The U.S. Department of Defense (DOD) has awarded General Atomics Aeronautical Systems (GA-ASI) a $93.3 million contract to make better sensors for some of DOD’s most important Unmanned Aerial Vehicles, including the company’s famed MQ-9 Reaper. The contract addresses a critical dimension of DoD’s mandate to lead the world in airborne artificial intelligence (AI).
The effort is being run by DOD’s Joint Artificial Intelligence Center (JAIC) under its Smart Sensor Project (SSP). Unlike other DOD research and development agencies—such as the Defense Advanced Research Project Agency (DARPA), which supports work on conceptual technologies—JAIC’s mission is to find the best available AI from industry and academia and accelerate its adoption and integration throughout the military. SSP’s goals are to advance AI technology by demonstrating object recognition algorithms for UAVs and employing onboard AI to control the aircraft’s sensors and flight.
GA-ASI and JAIC have invested heavily in deploying autonomous sensor technologies to give DOD’s UAV fleet situational awareness dominance. The quest to maintain this transformative advantage, which has pitted DOD’s army of AI coders against programmers from enemy states, will figure prominently in defining the military’s future.
“As we look to a future of ‘informatized warfare’ comprising algorithm against algorithm and widespread use of autonomous systems, we need to design operating concepts that harness AI, 5G, enterprise cloud and, eventually, quantum,” blogged Air Force Lt. Gen. John N.T, director of JAIC’s Office of the Department of Defense Chief Information Officer. “This critical path from a hardware-centric to an all-domain digital force will shape the department for decades to come.”
GA-ASI will deploy the new technology on the MQ-9 configured with multiple sensors, including GA-ASI’s Reaper Defense Electronic Support System (RDESS) and Lynx Synthetic Aperture Radar (SAR). Lynx is a powerful, multimode radar with impressive Size, Weight, and Power (SWAP) specs that can capture high-resolution, photographic-quality imagery through clouds, rain, dust, smoke and fog. Its search modes provide the wide-area coverage for any integrated sensor suite, allowing for cross-cue to a narrow Field-of-View (FOV) Electro-optical/Infrared (EO/IR) sensor.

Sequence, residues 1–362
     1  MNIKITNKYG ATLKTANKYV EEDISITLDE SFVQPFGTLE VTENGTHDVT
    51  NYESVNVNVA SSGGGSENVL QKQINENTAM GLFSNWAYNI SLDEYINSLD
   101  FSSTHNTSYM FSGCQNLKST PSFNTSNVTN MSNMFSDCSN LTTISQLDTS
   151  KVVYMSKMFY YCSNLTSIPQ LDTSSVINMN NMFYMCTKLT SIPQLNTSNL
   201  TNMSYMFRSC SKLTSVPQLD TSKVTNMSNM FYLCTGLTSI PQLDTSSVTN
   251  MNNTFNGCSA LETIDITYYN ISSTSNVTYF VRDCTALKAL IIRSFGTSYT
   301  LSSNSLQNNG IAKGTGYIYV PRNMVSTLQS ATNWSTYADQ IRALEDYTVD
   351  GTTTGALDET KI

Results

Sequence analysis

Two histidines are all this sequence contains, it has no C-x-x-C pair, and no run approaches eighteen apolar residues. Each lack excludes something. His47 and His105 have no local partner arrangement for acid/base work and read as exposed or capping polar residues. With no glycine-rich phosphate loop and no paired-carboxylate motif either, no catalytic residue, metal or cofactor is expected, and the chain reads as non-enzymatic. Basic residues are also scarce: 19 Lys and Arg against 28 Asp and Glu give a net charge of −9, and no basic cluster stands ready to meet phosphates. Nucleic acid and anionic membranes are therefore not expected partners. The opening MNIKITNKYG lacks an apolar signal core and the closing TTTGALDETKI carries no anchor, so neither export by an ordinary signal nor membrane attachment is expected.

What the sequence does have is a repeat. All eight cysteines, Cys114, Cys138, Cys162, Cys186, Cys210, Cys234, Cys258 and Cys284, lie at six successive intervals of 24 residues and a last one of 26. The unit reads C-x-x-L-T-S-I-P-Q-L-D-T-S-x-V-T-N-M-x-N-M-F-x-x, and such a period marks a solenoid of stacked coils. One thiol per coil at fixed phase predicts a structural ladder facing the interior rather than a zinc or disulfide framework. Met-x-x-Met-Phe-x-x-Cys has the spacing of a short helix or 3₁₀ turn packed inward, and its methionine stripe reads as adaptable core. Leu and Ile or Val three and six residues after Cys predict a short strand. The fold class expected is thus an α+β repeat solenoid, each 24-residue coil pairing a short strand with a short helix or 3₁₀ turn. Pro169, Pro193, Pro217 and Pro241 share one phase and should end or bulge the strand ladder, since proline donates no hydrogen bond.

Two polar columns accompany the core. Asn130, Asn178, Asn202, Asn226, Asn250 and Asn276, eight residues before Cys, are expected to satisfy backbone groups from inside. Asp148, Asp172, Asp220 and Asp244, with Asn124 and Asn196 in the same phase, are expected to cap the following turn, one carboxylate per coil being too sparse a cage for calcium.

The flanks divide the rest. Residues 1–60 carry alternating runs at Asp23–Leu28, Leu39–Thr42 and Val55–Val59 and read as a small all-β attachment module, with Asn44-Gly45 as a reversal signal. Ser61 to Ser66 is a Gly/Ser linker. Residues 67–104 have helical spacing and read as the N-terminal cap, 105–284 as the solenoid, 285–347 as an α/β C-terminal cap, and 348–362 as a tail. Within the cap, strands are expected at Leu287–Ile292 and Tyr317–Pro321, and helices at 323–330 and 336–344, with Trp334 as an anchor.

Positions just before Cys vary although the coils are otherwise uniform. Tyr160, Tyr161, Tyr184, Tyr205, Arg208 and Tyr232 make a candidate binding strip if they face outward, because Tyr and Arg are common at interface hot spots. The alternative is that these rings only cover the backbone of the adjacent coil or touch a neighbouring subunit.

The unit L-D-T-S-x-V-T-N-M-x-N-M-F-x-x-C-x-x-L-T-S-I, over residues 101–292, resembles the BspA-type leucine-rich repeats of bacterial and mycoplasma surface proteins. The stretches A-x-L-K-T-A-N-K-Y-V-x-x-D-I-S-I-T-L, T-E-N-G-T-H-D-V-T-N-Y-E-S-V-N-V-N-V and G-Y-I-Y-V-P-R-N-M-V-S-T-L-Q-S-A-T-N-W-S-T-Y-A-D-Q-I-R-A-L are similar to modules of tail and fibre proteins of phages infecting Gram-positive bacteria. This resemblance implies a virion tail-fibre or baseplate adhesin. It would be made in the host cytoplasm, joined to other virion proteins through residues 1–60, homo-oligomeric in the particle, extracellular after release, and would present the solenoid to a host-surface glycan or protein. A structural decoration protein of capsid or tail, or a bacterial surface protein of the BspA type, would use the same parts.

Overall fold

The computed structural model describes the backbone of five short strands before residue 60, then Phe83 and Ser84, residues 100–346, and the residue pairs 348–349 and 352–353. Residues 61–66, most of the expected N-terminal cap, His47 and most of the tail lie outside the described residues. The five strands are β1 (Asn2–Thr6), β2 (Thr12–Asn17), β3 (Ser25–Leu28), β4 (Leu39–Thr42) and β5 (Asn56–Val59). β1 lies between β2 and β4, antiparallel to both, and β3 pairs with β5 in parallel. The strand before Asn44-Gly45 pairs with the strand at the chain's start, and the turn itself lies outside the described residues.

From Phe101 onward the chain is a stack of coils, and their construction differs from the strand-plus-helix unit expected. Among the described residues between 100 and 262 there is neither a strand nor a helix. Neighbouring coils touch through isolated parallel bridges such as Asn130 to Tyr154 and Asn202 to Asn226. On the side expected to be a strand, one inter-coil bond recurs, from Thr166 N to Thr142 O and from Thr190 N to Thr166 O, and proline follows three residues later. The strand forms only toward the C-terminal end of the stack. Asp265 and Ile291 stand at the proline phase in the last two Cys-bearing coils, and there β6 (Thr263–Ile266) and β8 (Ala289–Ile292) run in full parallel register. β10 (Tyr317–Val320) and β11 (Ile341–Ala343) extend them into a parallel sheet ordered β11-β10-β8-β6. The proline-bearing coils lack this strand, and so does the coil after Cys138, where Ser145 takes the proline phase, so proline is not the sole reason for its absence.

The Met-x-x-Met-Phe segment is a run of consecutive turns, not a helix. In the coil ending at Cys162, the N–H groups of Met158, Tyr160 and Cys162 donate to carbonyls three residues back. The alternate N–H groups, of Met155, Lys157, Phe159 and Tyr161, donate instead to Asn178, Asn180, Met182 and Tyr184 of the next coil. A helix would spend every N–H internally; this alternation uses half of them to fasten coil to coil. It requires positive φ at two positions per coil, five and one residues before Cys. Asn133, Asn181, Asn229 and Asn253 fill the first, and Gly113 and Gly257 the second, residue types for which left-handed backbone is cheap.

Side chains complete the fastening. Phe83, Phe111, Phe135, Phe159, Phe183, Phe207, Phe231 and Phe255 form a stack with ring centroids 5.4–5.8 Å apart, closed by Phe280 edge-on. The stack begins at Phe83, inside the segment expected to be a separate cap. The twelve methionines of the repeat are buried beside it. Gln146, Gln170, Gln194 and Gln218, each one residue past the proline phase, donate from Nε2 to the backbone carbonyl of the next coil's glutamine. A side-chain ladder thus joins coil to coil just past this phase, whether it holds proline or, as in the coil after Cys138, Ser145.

Commanding the MQ-9 will be Metis, the company’s Intelligence, Surveillance and Reconnaissance (ISR) tasking and intelligence-sharing application. Metis enables operators to specify effects-based mission objectives and receive automatic notification of actionable intelligence.
“GA-ASI is excited to leverage the considerable investment we have made to advance the JAIC’s autonomous sensing objective,” said GA-ASI Vice President of Strategic Development J.R. Reid. “This will bring a tremendous increase in unmanned systems capabilities for applications across the full-range of military operations.”
DOD is also investing in developing senior-ranking officers/pilots who can operate the new AI sensor technology in the MQ-9. GA-ASI pilots have operated MQ-9s for the Marine Corps in the past, but a shift came in March, when members of Marine UAV Squadron 1 independently carried out a Reaper flight over an undisclosed location in the Middle East. Marine pilots and sensor operators operated the aircraft from Yuma, Arizona.
In October, the Marine Corps established a new Military Occupational Specialty (MOS) for officers from second lieutenant to lieutenant colonel. They will advise commanders on employment of Group 5 UAV systems, including the MQ-9 Reaper. While the service already has an enlisted unmanned aircraft system operator MOS, the move to create an officer career path for MQ-9s emphasizes DOD’s planned investment in the iconic UAV
MQ9 Reaper photo credit: Tayeb Mezahdia/Pexels